Justice Dept. Settles with Three Publishers, Continues Action Against Apple and Two Others

Before the companies began their conspiracy, retailers regularly sold eBook versions of new releases and bestsellers for, as described by one of the publisher’s CEO, the “wretched $9.99 price point.” As a result of the conspiracy, consumers are now typically forced to pay $12.99, $14.99, or more for the most sought-after eBooks, the department said.

The department alleges the conspiracy began in the summer of 2009. CEOs from the publishing companies met privately as a group about once per quarter. The meetings took place in private dining rooms of upscale Manhattan restaurants and were used to discuss confidential business and competitive matters, including Amazon’s eBook’s retailing practices.

The complaint states that the companies accomplished their conspiracy by agreeing to stop the longstanding practice of selling eBooks, as they long sold print books, on wholesale to bookstores, and leaving it to the bookstores to set the price at which they would sell the eBooks to consumers. Through their conspiracy, the companies imposed a new model under which the publishers seized eBook pricing authority from all of their retail bookstores and raised prices for eBooks.

As stated in the department’s complaint, one publisher’s CEO said, “Our goal is to force Amazon to return to acceptable sales prices through the establishment of agency contracts in the USA. . . . To succeed our colleagues must know that we entered the fray and follow us.”

The publishers also agreed with Apple to pay Apple a 30 percent commission for each eBook purchased through Apple’s iBookstore and promised, through a retail price-matching most favored nation (MFN) provision, that no other eBook retailer would sell an eBook title at a lower price than Apple.

As stated in the department’s complaint, Apple’s then-CEO Steve Jobs said, “the customer pays a little more, but that’s what you [publishers] want anyway.” Based on the commitments to Apple, the publishers imposed agency terms, over some objections, on all other eBook retailers. As a result, no eBook retailer is able to compete by using its commission to discount or reduce the price that the publishers set for their eBook titles or offer any special sales promotions to encourage consumers to purchase those eBooks. The department said that the intent and effect of the publishers’ contracts with Apple was to raise the prices that consumers nationwide pay for eBooks.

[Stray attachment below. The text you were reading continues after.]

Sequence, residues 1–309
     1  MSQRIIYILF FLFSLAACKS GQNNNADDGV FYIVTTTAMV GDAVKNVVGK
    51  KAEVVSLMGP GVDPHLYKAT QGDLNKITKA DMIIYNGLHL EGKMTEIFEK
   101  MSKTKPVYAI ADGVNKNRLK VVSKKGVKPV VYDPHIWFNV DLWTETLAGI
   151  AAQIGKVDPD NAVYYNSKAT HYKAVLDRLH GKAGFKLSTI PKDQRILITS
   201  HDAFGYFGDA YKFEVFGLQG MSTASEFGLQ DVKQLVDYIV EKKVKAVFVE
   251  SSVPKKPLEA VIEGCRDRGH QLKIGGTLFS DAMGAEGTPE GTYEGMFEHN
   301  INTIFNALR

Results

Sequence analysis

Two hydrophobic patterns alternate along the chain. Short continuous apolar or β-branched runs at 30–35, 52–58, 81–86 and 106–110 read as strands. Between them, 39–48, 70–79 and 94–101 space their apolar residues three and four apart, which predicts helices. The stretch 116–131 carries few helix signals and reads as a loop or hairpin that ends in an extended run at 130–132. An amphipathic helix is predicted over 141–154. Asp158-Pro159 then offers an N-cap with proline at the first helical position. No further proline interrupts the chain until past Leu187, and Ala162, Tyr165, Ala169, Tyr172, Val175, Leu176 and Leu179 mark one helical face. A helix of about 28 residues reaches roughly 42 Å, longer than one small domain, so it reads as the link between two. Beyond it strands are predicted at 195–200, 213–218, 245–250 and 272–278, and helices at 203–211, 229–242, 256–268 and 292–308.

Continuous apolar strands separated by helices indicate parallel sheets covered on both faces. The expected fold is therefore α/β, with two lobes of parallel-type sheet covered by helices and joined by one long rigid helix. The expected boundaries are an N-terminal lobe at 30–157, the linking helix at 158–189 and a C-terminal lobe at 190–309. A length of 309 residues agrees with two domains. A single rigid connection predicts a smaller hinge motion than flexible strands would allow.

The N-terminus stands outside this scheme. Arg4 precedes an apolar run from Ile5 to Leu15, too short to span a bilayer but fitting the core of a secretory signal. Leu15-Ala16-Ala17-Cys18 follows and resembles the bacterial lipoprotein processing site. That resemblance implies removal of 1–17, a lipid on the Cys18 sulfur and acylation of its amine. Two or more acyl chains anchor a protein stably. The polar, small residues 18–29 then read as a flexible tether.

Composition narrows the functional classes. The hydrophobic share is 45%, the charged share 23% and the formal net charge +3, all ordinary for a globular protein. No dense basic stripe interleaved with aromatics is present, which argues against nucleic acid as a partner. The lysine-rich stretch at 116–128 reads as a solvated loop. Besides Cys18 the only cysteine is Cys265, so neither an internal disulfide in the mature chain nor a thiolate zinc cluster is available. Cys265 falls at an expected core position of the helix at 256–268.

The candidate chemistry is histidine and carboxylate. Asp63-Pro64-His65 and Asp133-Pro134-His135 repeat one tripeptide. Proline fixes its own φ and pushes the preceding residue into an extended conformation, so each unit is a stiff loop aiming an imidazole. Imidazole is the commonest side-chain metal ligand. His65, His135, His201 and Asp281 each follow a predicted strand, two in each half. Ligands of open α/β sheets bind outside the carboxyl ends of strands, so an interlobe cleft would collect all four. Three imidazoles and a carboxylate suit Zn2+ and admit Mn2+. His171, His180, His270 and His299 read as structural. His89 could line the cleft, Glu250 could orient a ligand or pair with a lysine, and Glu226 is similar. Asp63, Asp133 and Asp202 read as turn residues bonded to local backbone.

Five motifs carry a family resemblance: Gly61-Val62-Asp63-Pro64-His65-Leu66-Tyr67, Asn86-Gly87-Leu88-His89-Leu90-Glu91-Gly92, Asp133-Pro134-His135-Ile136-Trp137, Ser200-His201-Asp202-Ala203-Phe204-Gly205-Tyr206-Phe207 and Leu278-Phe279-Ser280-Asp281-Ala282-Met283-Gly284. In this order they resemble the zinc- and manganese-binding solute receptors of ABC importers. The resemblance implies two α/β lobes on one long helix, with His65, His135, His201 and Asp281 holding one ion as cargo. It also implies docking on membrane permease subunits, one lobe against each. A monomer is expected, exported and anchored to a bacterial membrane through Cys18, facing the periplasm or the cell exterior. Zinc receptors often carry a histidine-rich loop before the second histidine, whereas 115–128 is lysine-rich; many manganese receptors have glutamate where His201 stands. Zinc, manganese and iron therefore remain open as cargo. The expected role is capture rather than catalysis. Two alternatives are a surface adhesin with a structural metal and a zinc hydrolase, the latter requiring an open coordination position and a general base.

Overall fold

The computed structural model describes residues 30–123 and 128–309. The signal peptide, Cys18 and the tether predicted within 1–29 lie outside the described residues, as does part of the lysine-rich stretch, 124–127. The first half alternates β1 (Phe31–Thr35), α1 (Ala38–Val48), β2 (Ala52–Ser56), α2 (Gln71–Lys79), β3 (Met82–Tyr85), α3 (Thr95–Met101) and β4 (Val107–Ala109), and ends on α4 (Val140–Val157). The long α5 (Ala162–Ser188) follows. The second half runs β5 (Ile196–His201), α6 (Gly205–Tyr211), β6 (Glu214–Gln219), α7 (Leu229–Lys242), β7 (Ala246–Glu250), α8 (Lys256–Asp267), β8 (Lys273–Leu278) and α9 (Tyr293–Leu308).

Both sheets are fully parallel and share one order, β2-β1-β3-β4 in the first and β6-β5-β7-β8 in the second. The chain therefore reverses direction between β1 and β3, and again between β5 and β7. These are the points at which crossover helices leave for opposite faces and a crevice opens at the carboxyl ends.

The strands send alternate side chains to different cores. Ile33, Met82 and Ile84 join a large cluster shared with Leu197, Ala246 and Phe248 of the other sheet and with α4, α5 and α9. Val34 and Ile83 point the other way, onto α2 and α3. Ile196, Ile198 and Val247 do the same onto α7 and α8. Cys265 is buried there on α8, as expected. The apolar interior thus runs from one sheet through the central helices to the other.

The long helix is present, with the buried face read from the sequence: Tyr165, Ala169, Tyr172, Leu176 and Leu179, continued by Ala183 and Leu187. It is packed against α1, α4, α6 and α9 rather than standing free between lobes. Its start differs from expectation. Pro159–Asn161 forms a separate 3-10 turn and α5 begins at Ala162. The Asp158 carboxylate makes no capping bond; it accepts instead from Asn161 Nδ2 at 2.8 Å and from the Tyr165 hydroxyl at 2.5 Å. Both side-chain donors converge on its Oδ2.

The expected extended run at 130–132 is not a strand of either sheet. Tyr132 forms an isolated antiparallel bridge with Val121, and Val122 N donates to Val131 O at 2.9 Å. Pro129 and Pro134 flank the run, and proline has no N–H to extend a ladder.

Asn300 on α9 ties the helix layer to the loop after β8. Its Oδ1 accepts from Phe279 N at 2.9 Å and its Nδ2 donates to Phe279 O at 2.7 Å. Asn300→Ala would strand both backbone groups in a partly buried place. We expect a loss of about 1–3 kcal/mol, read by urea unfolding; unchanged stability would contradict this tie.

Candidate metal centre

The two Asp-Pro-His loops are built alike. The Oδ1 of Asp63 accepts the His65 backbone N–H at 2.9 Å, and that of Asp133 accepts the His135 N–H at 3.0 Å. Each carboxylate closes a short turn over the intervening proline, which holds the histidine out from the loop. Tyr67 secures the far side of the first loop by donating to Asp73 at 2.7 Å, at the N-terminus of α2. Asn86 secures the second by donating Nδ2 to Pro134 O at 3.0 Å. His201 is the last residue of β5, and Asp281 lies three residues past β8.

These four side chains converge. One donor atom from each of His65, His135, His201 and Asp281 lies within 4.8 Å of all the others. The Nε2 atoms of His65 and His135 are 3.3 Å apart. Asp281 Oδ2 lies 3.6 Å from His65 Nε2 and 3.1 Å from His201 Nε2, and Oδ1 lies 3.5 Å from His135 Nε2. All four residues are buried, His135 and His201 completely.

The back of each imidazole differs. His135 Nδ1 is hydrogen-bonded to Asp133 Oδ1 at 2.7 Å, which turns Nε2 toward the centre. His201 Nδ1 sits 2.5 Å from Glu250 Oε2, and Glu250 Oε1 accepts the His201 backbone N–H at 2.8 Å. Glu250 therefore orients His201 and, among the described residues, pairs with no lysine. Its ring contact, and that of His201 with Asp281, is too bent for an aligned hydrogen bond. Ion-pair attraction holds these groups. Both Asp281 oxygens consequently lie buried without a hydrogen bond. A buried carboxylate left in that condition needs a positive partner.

Under the proposed settlement agreement with Hachette, HarperCollins and Simon & Schuster, they will terminate their agreements with Apple and other eBooks retailers and will be prohibited for two years from entering into new agreements that constrain retailers’ ability to offer discounts or other promotions to consumers to encourage the sale of the publishers’ eBooks. The settlement does not prohibit Hachette, HarperCollins and Simon & Schuster from entering new agency agreements with eBook retailers, but those agreements cannot prohibit the retailer from reducing the price set by the publishers.

The proposed settlement agreement also will prohibit Hachette, HarperCollins and Simon & Schuster for five years from again conspiring with or sharing competitively sensitive information with their competitors. It will impose a strong antitrust compliance program on the three companies, which will include a requirement that each provide advance notification to the department of any eBook ventures they plan to undertake jointly with other publishers and that each regularly report to the department on any communications they have with other publishers. Also for five years, Hachette, HarperCollins and Simon & Schuster will be forbidden from agreeing to any kind of MFN that could undermine the effectiveness of the settlement agreement.